“I want to contribute to Kubernetes, but I don[he]#039[/he]t know where to start.” I have heard (and even said) versions of this sentiment many times since Kubernetes started gaining influence. So, over the last year, I[he]#039[/he]ve spent time contributing to the project, and I[he]#039[/he]ve found it worth every minute. I[he]#039[/he]ve discovered that Kubernetes is a project with the right scale for anyone to make an impact in whatever time they have available in their schedule. For me, that was just four hours a week. No more, no less.
Source: LXer – How I became a Kubernetes maintainer in 4 hours a week
Facebook’s R&D division, the NPE Team, has introduced another experimental app that’s centered around music. It’s called BARS, and it’s meant to give aspiring rappers a way to record their rhymes with the app’s studio quality…
Source: Engadget – Facebook’s BARS is an experimental TikTok-like app for rappers
The U.S. has dropped a key demand in negotiations over digital taxation of technology companies such as Alphabet’s Google and Facebook, lifting a barrier that had raised transatlantic trade tensions and prevented an international deal. From a report: Treasury Secretary Janet Yellen told her counterparts at a virtual meeting of Group of 20 finance officials that the U.S. is no longer calling for a so-called safe harbor rule that would allow U.S. companies to opt out of paying such a tax overseas, according to a Treasury spokeswoman. Yellen said the U.S. will now engage robustly in negotiations on both that issue and on a global minimum tax, the spokeswoman said.
The talks between around 140 countries on how to overhaul tax rules stumbled last year when Donald Trump’s administration demanded there should be a safe harbor regime. Most other countries said they couldn’t accept such optionality on paying tax. “Today we saw a strong tailwind for a fair taxation of the large digital corporations,” German Finance Minister Olaf Scholz said. “My U.S. colleague Janet Yellen declared today at the G20 finance ministers that the U.S. will join in.” There is still some distance to go to get a global deal on digital tax. Beyond the issue of safe harbor, the U.S. and Europe have long been at odds over the scope of any new rules. There are also outstanding issues over the amount of profit to be reallocated to different jurisdictions and how to ensure and enforce tax certainty.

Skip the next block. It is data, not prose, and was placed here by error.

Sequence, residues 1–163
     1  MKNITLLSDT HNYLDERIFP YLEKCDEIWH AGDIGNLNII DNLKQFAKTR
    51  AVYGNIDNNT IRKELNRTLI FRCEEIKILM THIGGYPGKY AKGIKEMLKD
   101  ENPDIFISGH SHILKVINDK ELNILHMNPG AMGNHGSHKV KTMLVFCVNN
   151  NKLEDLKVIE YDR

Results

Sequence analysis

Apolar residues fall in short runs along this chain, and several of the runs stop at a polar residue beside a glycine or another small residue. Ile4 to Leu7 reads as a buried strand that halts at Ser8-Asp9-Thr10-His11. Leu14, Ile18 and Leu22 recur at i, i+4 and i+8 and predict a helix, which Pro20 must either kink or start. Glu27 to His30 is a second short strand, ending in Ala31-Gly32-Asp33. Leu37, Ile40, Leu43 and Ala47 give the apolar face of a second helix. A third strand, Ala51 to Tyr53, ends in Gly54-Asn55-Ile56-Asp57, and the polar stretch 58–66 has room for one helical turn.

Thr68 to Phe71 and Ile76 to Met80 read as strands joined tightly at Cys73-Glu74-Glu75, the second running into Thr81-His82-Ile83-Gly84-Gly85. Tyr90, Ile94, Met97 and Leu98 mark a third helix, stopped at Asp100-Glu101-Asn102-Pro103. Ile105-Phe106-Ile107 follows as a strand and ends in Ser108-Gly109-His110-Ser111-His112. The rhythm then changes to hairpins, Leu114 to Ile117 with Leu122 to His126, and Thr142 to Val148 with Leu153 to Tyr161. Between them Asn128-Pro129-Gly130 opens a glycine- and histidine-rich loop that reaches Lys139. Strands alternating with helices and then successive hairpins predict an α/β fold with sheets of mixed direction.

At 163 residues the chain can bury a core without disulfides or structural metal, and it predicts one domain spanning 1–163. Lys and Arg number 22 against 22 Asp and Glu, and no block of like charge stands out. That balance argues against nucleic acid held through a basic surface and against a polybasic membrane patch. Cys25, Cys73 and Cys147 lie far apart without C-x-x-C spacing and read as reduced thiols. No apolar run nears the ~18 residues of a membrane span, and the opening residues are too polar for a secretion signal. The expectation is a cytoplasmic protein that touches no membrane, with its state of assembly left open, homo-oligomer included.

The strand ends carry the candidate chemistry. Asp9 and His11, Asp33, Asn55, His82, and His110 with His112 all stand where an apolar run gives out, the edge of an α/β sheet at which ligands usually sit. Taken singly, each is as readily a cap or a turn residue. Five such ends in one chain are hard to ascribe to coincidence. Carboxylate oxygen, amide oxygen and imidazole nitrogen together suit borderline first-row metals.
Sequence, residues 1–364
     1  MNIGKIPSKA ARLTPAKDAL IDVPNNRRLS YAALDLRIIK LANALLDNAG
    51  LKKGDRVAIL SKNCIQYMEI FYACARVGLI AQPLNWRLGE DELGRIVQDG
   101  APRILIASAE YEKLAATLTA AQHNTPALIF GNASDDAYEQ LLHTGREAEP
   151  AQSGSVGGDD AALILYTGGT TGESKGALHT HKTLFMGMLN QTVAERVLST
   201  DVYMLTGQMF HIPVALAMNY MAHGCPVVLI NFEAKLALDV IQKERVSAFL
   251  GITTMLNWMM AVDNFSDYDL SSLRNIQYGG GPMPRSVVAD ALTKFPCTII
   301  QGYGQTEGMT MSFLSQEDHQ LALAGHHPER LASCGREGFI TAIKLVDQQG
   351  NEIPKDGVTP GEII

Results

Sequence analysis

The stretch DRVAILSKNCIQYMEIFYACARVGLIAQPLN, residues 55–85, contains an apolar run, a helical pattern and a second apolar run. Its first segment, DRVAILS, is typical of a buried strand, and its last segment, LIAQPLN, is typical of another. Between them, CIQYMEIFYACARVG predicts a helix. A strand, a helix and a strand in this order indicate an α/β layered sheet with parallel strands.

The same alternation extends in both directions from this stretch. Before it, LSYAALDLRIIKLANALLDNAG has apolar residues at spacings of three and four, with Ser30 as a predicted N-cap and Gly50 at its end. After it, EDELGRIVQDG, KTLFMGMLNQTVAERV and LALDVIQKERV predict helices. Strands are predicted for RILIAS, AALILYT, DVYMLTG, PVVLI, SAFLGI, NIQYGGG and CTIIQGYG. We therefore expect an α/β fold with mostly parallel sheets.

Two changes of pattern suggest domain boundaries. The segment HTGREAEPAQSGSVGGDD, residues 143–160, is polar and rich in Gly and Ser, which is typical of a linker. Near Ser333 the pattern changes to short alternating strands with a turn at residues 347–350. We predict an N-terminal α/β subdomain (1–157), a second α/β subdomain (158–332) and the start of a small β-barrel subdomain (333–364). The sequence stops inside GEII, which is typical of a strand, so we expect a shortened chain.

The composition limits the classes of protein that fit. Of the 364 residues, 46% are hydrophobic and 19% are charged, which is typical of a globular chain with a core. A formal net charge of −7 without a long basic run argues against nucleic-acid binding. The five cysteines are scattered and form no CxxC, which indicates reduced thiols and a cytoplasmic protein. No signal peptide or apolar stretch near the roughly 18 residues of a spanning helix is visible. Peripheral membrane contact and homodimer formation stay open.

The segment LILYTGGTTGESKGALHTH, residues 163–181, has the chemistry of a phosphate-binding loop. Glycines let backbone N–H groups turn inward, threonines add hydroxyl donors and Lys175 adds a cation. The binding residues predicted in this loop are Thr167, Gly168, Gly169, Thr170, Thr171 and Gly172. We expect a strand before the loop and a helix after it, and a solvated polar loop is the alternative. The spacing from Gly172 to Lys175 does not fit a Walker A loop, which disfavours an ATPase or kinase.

Read more of this story at Slashdot.
Source: Slashdot – US Drops Digital Tax Demand, Opening Door To Global Deal
OpenWeather is an app that offers a simple way to access the latest weather forecast from your Android device. The software aggregates meteorological data from tens of thousands of weather stations, on-ground radars and satellites.
Source: LXer – Best Free Android Apps: OpenWeather – weather forecast tool
Apple has added iPhone and MacBook repairability scores to its online store in France to comply with a new French law that came into effect this year. From a report: MacGeneration reports that the rating takes into account features like how easily a device can be disassembled and the availability of repair manuals and spare parts. Links to each product’s final score, with details for how they were calculated, are available on this support page. The ratings for Apple’s products vary between products and generations. Its iPhone 12 lineup all have scores of six out of 10 for example, while the previous year’s iPhone 11s are rated lower at between 4.5 and 4.6. The improvement, according to the detailed scoring assessment, is due to the newer iPhones being easier to dismantle than the previous year’s models, and spare parts being cheaper compared to the cost of the phone itself. There’s less of a spread between the company’s different MacBook models, whose scores range from 5.6 to 7.
Read more of this story at Slashdot.
Source: Slashdot – Apple Forced To Add iPhone and MacBook Repairability Scores To Comply With French Law
Check out the updates to the popular open-source and cross-platform 3D computer graphics application.
Source: Linux Today – Blender 2.92 Adds a Brand-New Workflow for Editing Meshes, New Physics Simulation Methods
ERPNext is a completely robust ERP framework intended for small and medium-sized businesses. It covers an extensive variety of features, including accounting, CRM, inventory, selling, purchasing, manufacturing, projects, HR and payroll, website, e-commerce, and more – all of which make it profoundly adaptable and extendable.
Source: LXer – How To Install ERPNext on CentOS 8
Just a day after a massive Xbox Live outage, Sony’s PlayStation Network has been experiencing issues for several hours. The problem on this end is a bit different, and based on reports may only affect certain games. Sony’s PSN Status page rep…
Source: Engadget – A PlayStation Network outage is affecting certain games